Lately it seems as though reports highlighting disparities in infant mortality rates, high school graduation rates, health care access, employment rates are surfacing with increasing frequency. It can be easy to "sleep through the static," until we consider that the numbers in these reports are actually people.
These reports don’t just present information; they tell stories — stories about children, their parents, our community. When we value these reports for the stories they tell and not just the numbers they present, we can better understand that unless we are all doing better, our community will not truly succeed. Until we remove the barriers some encounter, Kalamazoo County cannot be a community where every person can reach full potential.
Over the last few years, we’ve learned that expanding the diversity of the voices we hear can greatly improve how we understand and address community issues. So we’ve become more intentional about engaging the community, and strive to incorporate diverse perspectives as "standard operating procedure." As a demonstration of this, our first step in planning our 2015 Community Meeting was to ask our community partners to share their suggestions for speakers who could provide a thought-provoking message that would help us all better understand the concept of equity. As a result, the November event will feature best-selling author Ta-Nehisi Coates, who will speak about race in America. [Sponsored by PNC Bank, Coates’ talk is also part of a University Center for the Humanities at WMU’s 2015/2016 speaker series: Reimagining Communities.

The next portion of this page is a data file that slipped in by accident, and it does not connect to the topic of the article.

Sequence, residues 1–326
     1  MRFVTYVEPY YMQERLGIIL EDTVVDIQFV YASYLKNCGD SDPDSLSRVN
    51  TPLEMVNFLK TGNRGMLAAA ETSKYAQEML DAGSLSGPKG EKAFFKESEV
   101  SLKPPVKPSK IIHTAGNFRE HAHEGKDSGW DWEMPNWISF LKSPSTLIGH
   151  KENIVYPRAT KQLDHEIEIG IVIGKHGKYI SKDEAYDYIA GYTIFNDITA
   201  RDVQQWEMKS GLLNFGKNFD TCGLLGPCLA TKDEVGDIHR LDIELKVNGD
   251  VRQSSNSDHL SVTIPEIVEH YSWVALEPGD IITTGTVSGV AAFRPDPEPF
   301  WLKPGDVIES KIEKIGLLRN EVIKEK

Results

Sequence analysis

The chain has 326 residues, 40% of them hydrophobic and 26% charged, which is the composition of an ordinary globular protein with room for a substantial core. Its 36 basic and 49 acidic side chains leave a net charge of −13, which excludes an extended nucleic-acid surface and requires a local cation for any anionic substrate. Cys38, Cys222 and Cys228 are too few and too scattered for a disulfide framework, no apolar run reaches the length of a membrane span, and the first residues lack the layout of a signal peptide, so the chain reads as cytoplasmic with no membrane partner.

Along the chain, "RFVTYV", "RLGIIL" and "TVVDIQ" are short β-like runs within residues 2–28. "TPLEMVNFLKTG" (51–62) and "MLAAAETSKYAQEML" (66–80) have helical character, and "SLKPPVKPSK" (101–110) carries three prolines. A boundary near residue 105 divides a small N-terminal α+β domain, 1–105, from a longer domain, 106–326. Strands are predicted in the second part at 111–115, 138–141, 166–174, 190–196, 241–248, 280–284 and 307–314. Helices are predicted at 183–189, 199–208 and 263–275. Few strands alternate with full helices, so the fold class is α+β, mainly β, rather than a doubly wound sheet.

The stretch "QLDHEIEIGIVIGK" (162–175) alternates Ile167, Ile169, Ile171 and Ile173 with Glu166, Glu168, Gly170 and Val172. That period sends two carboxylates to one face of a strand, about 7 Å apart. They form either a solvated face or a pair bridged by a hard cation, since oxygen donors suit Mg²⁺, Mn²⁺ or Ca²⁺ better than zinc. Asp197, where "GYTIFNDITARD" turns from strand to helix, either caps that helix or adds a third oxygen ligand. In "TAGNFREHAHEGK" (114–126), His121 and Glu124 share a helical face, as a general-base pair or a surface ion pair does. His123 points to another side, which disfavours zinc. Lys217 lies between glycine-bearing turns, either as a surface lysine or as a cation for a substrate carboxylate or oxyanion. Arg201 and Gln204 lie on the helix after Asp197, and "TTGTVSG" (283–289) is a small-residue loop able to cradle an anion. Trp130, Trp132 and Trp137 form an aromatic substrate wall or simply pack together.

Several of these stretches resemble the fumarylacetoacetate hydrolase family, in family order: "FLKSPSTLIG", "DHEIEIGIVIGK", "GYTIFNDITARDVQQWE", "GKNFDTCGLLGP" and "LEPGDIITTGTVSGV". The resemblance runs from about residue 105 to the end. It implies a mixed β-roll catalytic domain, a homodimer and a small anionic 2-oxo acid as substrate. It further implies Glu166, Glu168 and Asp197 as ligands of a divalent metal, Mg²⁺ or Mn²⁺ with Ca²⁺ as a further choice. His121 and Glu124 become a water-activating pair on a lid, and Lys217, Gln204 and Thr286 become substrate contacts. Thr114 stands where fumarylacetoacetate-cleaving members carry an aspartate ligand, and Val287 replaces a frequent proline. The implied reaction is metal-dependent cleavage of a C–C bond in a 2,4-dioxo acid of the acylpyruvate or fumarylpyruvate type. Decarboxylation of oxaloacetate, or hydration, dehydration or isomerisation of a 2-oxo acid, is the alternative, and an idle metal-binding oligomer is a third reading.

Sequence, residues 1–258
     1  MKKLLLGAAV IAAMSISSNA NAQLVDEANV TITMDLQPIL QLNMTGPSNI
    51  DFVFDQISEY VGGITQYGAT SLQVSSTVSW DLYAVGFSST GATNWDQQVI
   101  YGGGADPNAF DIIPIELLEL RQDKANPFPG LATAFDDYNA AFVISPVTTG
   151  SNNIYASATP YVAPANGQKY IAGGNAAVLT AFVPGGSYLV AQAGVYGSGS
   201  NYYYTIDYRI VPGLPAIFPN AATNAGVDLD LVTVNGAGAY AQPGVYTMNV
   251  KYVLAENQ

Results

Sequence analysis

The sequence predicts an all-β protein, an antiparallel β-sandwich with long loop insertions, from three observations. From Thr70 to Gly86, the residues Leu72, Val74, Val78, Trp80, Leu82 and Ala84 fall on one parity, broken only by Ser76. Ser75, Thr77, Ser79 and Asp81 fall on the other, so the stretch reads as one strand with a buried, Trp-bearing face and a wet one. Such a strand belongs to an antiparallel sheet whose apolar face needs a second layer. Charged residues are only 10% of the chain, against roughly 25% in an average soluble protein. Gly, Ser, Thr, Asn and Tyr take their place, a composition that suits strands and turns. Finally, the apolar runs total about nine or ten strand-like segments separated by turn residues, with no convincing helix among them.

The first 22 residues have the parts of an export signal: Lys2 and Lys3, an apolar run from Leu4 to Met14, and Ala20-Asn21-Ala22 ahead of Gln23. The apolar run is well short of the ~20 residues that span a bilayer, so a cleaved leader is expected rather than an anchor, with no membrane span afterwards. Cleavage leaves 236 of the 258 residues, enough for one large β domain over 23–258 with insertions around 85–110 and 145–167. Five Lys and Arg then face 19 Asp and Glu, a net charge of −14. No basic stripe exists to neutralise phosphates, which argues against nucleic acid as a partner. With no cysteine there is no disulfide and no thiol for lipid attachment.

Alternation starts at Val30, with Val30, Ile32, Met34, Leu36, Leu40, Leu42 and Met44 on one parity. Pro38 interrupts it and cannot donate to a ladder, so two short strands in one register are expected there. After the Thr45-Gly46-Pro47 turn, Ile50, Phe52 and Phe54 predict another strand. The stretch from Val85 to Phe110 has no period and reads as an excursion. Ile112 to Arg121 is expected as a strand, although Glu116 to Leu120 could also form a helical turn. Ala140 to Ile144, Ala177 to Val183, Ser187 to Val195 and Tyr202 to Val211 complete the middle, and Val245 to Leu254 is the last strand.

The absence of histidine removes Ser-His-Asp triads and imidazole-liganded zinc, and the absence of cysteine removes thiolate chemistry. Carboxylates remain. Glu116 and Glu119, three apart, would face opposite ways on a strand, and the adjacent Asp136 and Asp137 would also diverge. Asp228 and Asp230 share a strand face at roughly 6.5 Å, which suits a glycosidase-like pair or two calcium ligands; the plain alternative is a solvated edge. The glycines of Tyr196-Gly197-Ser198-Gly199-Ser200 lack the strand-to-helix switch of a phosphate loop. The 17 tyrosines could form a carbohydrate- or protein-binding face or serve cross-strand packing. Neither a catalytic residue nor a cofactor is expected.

Input from the community also informed the identification of our strategic priorities: equity and education. We are committed to improving educational outcomes and removing the barriers that prevent all people from reaching full potential. As we engage in this work, understanding equity becomes critical. Says President/CEO Carrie Pickett-Erway, "As an organization, we recognized early on that to be effective at increasing equity and reducing disparities, we would have to address the gaps in our own awareness, knowledge and capacity."
"While we’ve been working hard on this for several years, we know our learned experience is inadequate and incomplete compared to the lived experience of people who are the targets of discrimination," she says. "So working with the community and not just for the community is essential."
Many community partners — individuals, organizations and consultants — have already begun to help us shape a strategy for impacting equity in Kalamazoo County. We are currently conducting a scan of equity work going on in the county.
"By better understanding what assets and resources — human and financial — we have, we will be able to determine where we have the greatest opportunity to leverage our support and offer leadership." says Pickett-Erway. "We hope to identify the gaps that are not being addressed, identify how we might help those that are already doing great work, and elevate our collective efforts to transform our community."
At the same time, we also continue to examine our internal policies and practices. We need to ensure that every aspect of our daily work — in every functional area and at every level — fully reflects our core values: diversity, equity and inclusion; integrity; and excellence.
We know the people who live, work and raise their families in Kalamazoo County passionately believe it is a special place where amazing things happen. We believe this passion can provide the momentum our community needs to eliminate the social, legal, economic and other barriers that prevent every person from reaching full potential and living positive lives.